Why I would have liked to be Shakespeare’s Cleopatra

Written by Rae Coppola

To commemorate the 400th anniversary of William Shakespeare’s death, Rae Coppola discusses Antony and Cleopatra (1606), and why she would have liked to have been the exotic noble Queen.

Set in 40-30 BC, the Elizabethan play Antony and Cleopatra is one of Shakespeare’s many tragedies. The plot focuses on the historical ruler of the Roman Empire, Mark Antony, and his lover Cleopatra, the last active pharaoh of Ptolemaic Egypt. The action portrays Antony’s inner struggle of wanting to do what is best for his people, and his desire to live with Cleopatra in Egypt. This inner conflict leads him to become involved in a war with Caesar, one of his fellow triumvirs, in which he is victorious. Soon after, upon hearing theatrical lies about his lover’s death, he commits suicide to be with her, and she ends the play by doing the same to be with him.

According to Shakespeare’s description, Cleopatra is a: highly attractive, loyal, over-theatrical character, and I would be honoured to have been her. Below I list the qualities of hers that appeal to me.


The strength

Cleopatra is one of Shakespeare’s most inspiring female characters, as she mixes the solid masculine qualities of Rome with the liquid feminine and spiritual Egypt. The blending of binary opposites creates ‘discandy’, thus causing an imbalance of power and blurring the gender boundaries noted in Cixous’s philosophy. In other words, Cleopatra remains collected and un-phased, a ‘marble constant’ (V.ii.240), both in the East and the West, stating, ‘I have nothing of woman in me.’ Her femininity is even hidden when Antony dies, and her rational thought process takes over, resolving to ‘bury him,’ as that’s, ‘what’s brave, what’s noble.” (IV.xvi.89–90) However, despite blaming her femininity for her downfalls, it is her femininity mixed with her masculine qualities that ensures her success as both a leader and lover, making her an ideal role model.


The sass

Cleopatra is extremely strong willed. For example, when her lady in waiting advises, “In each thing give him [Antony] way, cross him nothing,” Cleopatra replies, “Thou teachest like a fool; the way to lose him.” (I.iii.9-10) Her character was not afraid to discard advice, nor feistily disagree with the opinions of others. According to Antony “she is cunning past man’s thought,” (I.ii.7) and will not be walked over. Cleopatra proves this once Antony is dead to avoid becoming Caesar’s prisoner, and trophy to take home. Yet Cleopatra defies him, and instead takes her own life, provoking him even in death. Although disappointed, Ceaser admires her, ‘Bravest at the last / She levell’d at our purposes, and, being royal / Took her own way.’ (V.ii.18)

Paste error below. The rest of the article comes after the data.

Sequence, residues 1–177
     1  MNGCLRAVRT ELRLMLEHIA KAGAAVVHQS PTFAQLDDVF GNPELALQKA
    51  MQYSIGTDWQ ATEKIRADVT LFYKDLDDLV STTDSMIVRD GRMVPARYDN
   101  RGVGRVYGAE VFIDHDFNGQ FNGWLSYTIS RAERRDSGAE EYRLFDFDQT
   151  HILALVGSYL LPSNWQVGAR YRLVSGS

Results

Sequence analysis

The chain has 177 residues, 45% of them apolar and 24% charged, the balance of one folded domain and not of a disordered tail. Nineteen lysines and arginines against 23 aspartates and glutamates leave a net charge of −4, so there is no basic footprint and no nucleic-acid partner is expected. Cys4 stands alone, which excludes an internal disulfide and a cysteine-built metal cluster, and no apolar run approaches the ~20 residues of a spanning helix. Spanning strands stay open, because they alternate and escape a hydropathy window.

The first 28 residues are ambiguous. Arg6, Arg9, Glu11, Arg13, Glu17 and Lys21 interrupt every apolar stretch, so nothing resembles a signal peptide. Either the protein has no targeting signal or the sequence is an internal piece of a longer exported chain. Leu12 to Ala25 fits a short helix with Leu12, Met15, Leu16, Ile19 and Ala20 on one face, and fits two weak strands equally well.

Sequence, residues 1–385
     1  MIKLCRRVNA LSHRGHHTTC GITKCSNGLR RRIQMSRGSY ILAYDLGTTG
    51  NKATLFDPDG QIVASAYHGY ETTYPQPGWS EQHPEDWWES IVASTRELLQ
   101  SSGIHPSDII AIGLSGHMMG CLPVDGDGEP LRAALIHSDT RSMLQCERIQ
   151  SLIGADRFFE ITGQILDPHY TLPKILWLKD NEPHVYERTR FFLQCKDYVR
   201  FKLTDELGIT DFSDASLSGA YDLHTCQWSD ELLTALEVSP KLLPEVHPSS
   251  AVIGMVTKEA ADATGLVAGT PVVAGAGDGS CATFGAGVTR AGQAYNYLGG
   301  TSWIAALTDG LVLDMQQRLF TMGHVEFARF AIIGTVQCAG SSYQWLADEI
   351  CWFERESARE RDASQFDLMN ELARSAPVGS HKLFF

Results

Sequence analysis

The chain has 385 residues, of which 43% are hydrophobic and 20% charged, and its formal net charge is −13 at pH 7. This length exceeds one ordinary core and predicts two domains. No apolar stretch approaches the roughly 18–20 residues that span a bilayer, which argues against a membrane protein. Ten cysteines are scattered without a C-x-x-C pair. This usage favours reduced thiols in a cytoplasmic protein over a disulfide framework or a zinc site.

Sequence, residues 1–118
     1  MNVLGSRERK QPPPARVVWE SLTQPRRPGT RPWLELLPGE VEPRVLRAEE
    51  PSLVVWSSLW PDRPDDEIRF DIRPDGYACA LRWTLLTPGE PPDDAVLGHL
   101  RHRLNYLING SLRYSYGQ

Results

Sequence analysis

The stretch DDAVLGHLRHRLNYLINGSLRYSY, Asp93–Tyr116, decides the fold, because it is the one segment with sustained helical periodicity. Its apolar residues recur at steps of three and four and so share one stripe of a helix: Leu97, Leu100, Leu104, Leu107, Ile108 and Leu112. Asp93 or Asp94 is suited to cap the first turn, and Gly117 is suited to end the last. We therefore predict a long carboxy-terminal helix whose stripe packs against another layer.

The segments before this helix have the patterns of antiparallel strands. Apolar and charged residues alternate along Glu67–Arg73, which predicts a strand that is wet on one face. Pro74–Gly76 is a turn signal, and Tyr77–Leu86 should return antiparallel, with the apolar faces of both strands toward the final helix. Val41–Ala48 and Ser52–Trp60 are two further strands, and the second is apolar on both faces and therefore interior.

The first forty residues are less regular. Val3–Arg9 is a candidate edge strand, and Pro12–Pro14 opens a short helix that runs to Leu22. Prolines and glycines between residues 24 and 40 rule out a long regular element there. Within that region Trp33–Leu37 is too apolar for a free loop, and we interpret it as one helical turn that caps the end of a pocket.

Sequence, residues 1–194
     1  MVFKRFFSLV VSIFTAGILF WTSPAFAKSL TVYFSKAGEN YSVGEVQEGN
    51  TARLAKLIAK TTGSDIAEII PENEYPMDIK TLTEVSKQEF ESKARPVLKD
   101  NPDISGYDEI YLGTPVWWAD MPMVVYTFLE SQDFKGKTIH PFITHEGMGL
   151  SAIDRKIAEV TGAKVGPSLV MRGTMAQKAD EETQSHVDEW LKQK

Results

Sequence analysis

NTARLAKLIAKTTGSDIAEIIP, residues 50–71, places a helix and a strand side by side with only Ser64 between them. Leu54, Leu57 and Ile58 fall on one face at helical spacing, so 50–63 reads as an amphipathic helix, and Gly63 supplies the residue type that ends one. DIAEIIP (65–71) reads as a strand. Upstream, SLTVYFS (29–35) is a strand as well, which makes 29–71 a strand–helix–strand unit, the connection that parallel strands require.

The seduction

Described as a, ‘Gipsy,’ and enchantress who has made Antony “the noble ruin of her magic” (III.x.18), seduction comes easy to Cleopatra. Her exotic beauty and undeniable self-confidence enables her to captivate whomever she pleases with her open sexuality. Her persona is awe-inspiring, and perfected as if she is acting, ensuring she has full control of the stage and the literal as well as plot based crowd can focus on only her. Ever theatrical, but with genuine feelings for Mark Antony, she decides rather than to live without him after his death, to join him in the afterlife, believing that in a ‘new heaven’ their love could be eternal. However, even in death, ‘she would catch another Antony / In her strong toil of grace.’ (V.ii.345)


To conclude, Antony and Cleopatra is quite possible the most important of Shakespeare’s works, especially regarding women, as it is a major step forward for the (then) inferior gender to be described with masculine qualities without being seen as a danger to society. Cleopatra is a strong, loyal, perhaps even childish at times, role model, that all women should aspire to. Her idea of femininity being weak however, is wrong, and instead femininity should be drawn on as well as masculinity to achieve ultimate success. 


Cixous, H. & Clément, C. (1986). The newly born woman. Minneapolis: University of Minnesota Press.